handout lexical phonemic SAMPA

handout lexical phonemic SAMPA - The difference between...

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The difference between phonemic representations and lexical representations, or The Story of Engma (discussed briefly in the textbook Chapter 3, section 4.) On this handout, examples in English spelling appear in italics. Underlining is for emphasis. Background on engma. 1. Most dialects of English have minimal pairs contrasting nasal stops at three places of articulation, e.g. sum [sVm] – sun [sVn] – sung [sVN]. However, in some dialects, sung is pronounced [sVNg], which means that these dialects do not have any true minimal pairs contrasting the velar nasal with [m] or [n]. Speakers of English also vary in their pronunciation of words such as singer , which may or may not have a [g] following the [N]. 2. In all dialects of English, [N] occurs in fewer environments than other consonants. It never occurs at the beginning of a word or at the beginning of a stressed syllable. 3. The book contrasts this situation with Malay, a language in which [N] can occur in any environment, including word-initially, e.g., [N]eri ‘terrified’ – [n]eri ‘plant species’. Phonemic analysis – identifying the sounds that contrast in a language’s words – deals with sound distinctions on the surface (phonetic) level. If two sounds distinguish a minimal pair, then those two sounds count as distinct phonemes. So for many speakers of English, [N] is indisputably a phoneme. Arguments for using two levels of representation in generative phonology. (This section is adapted from Gussenhoven, C. & Jacobs, H. (1998).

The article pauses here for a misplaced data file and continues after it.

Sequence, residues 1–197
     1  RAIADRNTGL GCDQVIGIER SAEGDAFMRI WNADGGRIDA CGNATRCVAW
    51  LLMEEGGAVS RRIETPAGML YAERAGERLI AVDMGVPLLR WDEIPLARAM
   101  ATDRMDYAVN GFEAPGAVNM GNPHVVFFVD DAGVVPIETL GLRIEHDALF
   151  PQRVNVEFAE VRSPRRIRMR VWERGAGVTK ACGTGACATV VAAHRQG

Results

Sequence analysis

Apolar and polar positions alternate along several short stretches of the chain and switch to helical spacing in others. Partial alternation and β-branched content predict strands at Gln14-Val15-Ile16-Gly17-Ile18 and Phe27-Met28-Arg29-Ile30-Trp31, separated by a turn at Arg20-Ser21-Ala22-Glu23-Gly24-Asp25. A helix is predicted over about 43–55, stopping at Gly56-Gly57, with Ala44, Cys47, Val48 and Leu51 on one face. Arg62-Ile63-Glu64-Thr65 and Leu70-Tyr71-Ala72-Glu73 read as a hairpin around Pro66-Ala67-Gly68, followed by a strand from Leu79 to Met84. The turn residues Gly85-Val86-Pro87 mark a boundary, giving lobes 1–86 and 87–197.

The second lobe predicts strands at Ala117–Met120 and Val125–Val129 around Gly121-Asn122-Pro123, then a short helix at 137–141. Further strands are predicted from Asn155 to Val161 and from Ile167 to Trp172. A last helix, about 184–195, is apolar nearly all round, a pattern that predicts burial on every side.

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handout lexical phonemic SAMPA - The difference between...

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